Saturday, February 21, 2009

Preparing for the Real World?

John Lee, a student at Dartmouth College has blogged on whether our students are ready for the real world. His blog post is at Education Malaysia .

I personally think that we can all work together to share on tips on how to write good CVs etc. Hopefully, we can gradually help match Malaysians better, and indirectly grow the GDP.

Recently, launched its Forum for Career & Education . Do go there and share on various of such tips!!!

Below is the quote of the article by John!
Preparing for the Real World?

Let's put aside the academic and intellectual side of education for the moment, and focus on something more basic: basic communications skills. No matter how good a thinker you are, if you can't communicate those thoughts you will have a hard time, both in academia and the professional world. Wherever you end up, you need to know how to read and write, listen and speak. And I think it's almost indisputable that Malaysian schools are doing a pretty bad job when it comes to these skills.

Back when I was still in school, my father's company was looking to expand its operations, but to my father's chagrin, most of the candidates he encountered were simply incoherent. Their CVs were poorly-formatted and their personal statements virtually unreadable. Most of those he shortlisted for interviews were clearly unconfident and unable to speak coherently. My father was terribly put off by the experience, and he himself has always been bemoaning his own difficulties in communication.

At my job in a local research institute this summer, I got the chance to look through a number of CVs and job applications because the institute was hiring, and they were honestly not much to look at. Most of the CVs were so poorly formatted it was hard to even look at them, and the personal statements/cover letters were not much better. Many applicants didn't even bother writing anything in their emails or writing a cover letter, just sending us their CV as an attachment; a few didn't even state which position they were applying for!

I suppose I am not one to be too critical, since I am not yet in the job market (although I am actually looking for a job or internship in KL again this summer), but I do think this speaks to a problem with our education system. If we can teach students standard formats for letters, journals, diaries and reports in school, why can't we teach them standard formats for CVs or cover letters? What is the use of learning Bahasa Malaysia or English in school if you can't even muster the confidence to write a few sentences explaining which position you're applying for? Ultimately we learn languages for a reason — to communicate — and it does us no good if we can score A's but can't use these languages.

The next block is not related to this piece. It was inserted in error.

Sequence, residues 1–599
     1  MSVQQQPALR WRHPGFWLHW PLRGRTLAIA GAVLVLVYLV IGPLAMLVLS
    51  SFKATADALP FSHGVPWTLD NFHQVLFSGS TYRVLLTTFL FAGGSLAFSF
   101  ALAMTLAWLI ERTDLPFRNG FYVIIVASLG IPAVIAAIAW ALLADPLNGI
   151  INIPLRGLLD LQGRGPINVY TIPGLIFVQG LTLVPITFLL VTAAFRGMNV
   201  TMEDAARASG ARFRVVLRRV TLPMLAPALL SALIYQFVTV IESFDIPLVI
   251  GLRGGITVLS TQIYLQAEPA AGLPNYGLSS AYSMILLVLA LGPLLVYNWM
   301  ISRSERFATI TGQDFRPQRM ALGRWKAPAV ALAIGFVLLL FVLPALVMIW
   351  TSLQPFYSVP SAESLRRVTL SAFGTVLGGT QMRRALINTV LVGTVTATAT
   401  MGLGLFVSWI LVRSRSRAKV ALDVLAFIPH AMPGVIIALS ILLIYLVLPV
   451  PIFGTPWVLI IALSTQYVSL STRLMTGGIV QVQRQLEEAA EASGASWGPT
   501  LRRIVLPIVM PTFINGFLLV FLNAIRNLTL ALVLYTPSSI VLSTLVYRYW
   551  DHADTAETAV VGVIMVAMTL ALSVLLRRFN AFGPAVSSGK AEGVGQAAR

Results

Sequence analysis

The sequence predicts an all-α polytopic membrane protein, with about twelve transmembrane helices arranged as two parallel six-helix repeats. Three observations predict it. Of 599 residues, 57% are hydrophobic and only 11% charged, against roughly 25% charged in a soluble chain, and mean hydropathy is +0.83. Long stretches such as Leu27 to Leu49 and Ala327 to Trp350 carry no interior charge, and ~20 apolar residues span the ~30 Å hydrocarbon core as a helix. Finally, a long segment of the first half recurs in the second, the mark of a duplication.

Then again, education systems around the world are generally doing a shoddy job of preparing high school graduates for the job market — I'm sure not many American high school diploma holders can actually write a resume much better than the CVs I've seen. But these positions were specifically meant for university degree-holders, and all the applicants were university graduates. Shamefully for our local universities, the vast majority of the properly formatted CVs with well-written cover letters were from foreign graduates.

Ultimately, most people graduating from university will not be going into academia; they will need to know how to write a CV and write a cover letter, and almost certainly how to handle an interview. For whatever reason, it seems like our local universities are not preparing their graduates to do these things, and that is inexcusable.

My university for example has an active Career Services department. The department regularly holds workshops on CV-writing, cover letter-writing, and how to handle interviews. You can even walk in to their office and have your CV and cover letter reviewed by them on a one-on-one basis. You can likewise practice interviews at their office, again in a one-on-one setting. While obviously Dartmouth has a lot of resources to spare, almost any American university has a similar department, and a big selling point for any institution here is how well the university can place its graduates into the job market.

At the moment, we are graduating people from secondary school and university who cannot communicate coherently with prospective employers. Is it any wonder why we have so many problems with unemployable graduates? As it stands, even university-calibre students lack basic skills — I know an alumni interviewer for Cornell University who has had to deal with applicants who refuse to show up on time for interviews, or lack the basic initiative to find out details like how to get to the interview venue (he actually had someone ask him where the KLCC is). In this time of economic recession, we need to take a long hard look at how our schools and universities are preparing students for the job market — if a graduate can't speak or write properly, all those straight A's will be for naught.

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1 comment:

Charis said...

He mentioned you. Haha.